The History of The Alameda County Search and Rescue Unit

The roots of the unit date back to the early 1950’s. ALCO SAR was an original unit of the “Alameda County Rescue Service”, starting out as a Civil Defense unit. Back then the unit focused on Civil Defense and Preparedness. The cold war was just beginning and the Federal Government was providing vehicles and equipment to local agencies to start Civil Defense units. These units were to be trained to provide services should the United States be invaded or attacked by foreign enemies. They were trained in specialized skills to rescue people from collapsed or damaged buildings (the early version of what is today known as Urban Search and Rescue) and to handle radiation emergencies. Additionally, the unit was used in coast watch, scanning the skies at night looking for enemy aircraft that might be approaching the United States coastlines.

As the need for Civil Defense changed in the 1960’s, the unit changed along with it. The unit became more involved in supporting Fire Departments with rescue equipment and responding to motor vehicle accidents, downed aircraft, supporting the Sheriffs’ Office Underwater Recovery Unit and providing lighting and breathing air support at large-scale fires. Through the early 1970’s, things remained the same for the unit. During those times, the Sheriff’s Office Reserves and other outside volunteer units, who were local in the bay area, did most searching for lost persons in Alameda County.

Toward the end of the 1970’s and into the 1980’s, the unit began to transform itself from a Civil Defense Rescue unit to a full service search and rescue unit. The unit became more involved in lost person searches, was doing cliff and roadside rescues and actively becoming involved in more specialized areas that local fire and police agencies were moving away from. During the 1980’s the unit entered a new era of performing search and rescue for Alameda County, displacing the Reserve unit and the other volunteer units that had been performing that duty. Additionally, the unit became active in the State of California Mutual Aid Program and began to respond to assist other search and rescue units in the Bay Area with resources on their lost person missions.

While the unit was advancing in the area of lost person searches, it still held its fundamental roots in Civil Defense and on October 17th, 1989 was pressed into service at the site of the Cypress Freeway collapse in Oakland, as a result of the Loma Preita Earthquake. The unit spent six days working with Fire, Public works and Law Enforcement agencies locating and removing victims from the freeway collapse, in one of the region’s largest disasters since the 1906 San Francisco Earthquake.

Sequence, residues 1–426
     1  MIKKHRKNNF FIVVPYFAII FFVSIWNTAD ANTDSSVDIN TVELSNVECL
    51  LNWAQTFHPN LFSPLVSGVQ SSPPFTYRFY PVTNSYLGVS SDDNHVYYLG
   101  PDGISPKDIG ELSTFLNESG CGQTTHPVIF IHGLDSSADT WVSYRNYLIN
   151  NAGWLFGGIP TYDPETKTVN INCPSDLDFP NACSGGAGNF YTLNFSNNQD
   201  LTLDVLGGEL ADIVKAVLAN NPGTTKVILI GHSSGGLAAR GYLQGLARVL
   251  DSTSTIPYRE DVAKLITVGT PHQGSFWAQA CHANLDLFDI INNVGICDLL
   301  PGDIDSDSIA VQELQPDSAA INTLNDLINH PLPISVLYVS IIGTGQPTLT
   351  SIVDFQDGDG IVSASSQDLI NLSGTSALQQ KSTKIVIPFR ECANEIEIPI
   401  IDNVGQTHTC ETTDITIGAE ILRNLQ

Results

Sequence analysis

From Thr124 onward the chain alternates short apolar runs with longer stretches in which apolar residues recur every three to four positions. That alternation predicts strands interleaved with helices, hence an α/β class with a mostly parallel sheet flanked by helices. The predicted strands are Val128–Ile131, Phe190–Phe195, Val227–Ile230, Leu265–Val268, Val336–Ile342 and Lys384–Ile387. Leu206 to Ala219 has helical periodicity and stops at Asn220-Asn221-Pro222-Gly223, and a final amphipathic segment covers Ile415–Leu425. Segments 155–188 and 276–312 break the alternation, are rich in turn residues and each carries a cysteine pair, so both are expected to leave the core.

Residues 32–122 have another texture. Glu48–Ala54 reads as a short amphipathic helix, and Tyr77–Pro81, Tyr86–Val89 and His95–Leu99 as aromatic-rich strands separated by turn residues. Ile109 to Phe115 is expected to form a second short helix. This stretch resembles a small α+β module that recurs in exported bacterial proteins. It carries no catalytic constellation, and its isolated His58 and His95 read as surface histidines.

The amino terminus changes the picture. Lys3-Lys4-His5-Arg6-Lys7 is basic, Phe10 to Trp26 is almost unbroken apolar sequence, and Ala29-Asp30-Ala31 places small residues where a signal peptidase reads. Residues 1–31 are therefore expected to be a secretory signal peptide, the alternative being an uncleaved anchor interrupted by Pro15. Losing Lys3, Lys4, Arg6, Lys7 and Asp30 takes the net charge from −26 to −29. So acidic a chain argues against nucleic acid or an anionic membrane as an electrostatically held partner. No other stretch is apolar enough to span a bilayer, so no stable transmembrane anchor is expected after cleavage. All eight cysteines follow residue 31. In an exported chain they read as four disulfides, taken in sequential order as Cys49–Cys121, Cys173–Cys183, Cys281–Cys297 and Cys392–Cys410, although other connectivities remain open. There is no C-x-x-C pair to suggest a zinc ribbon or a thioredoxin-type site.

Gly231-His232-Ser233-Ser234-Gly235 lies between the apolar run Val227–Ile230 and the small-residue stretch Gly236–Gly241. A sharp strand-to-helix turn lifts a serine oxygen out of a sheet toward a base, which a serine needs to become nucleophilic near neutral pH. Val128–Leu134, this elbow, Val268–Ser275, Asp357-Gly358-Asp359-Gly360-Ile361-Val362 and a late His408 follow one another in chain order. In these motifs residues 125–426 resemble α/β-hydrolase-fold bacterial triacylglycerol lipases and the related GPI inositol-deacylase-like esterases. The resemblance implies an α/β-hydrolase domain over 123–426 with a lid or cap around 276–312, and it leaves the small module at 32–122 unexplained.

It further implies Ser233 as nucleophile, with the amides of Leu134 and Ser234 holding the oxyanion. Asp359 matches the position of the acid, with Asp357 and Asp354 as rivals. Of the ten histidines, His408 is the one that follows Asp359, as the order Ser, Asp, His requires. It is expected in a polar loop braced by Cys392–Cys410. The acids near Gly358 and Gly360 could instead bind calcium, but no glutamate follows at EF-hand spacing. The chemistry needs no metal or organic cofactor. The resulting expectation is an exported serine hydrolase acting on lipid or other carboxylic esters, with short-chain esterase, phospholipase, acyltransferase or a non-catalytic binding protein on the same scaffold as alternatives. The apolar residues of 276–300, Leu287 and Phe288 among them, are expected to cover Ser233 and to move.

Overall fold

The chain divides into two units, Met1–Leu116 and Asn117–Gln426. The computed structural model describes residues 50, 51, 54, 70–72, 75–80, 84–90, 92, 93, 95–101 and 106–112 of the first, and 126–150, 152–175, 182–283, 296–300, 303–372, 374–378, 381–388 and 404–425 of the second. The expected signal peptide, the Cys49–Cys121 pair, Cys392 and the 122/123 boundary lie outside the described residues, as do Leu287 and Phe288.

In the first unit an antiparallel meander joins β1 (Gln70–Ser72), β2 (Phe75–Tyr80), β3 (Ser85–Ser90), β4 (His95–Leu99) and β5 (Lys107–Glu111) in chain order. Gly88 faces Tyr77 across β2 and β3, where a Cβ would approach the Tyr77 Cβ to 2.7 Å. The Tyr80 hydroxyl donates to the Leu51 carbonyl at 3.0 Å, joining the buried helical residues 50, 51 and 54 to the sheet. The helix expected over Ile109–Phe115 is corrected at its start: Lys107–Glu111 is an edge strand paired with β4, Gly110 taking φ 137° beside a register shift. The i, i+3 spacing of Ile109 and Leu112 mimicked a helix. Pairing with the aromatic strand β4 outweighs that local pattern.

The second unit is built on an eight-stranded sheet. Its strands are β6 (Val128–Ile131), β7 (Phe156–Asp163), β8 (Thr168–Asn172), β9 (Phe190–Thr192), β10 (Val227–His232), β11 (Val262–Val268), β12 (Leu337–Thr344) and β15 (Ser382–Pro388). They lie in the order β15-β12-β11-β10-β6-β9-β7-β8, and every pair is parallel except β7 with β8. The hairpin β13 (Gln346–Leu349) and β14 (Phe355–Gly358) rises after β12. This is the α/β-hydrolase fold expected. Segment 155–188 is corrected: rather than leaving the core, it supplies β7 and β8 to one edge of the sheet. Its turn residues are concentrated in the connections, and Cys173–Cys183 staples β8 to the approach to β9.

On October 19, 1991 the Oakland Hills Firestorm broke out. Nearly two years to the day after the response to the Cypress Freeway collapse the unit was called upon to help with evacuation and incident support for a fire that ultimately killed 23 people, consumed over 5000 homes and apartment buildings and had spread over an area of more than ten thousand acres, becoming the nation’s worst modern day urban fire. The unit capitalized on its rich history in Civil Defense coupled with it’s newly found roots in Search and Rescue and took on the task of locating those individuals who where not able to escape the Firestorm. Over 3 days, the unit along with mutual aid support from 20 other Search and Rescue units conducted methodical searches throughout the burned area to recover the remains of those who were still missing.

Over the years, the unit has continued to grow. ALCO SAR has one of the largest single agency Canine Divisions in the state and is currently developing a cadre of members training for response to backcountry wilderness search missions throughout California.

ALCO SAR has a long established a reputation for being one of the most well trained, professional and well respected Search and Rescue Units in the State of California and possibly even in the United States.

So, we ask that when you don our uniform, you remember our legacy and remember those who have served before you, as their efforts are what have made this organization strong.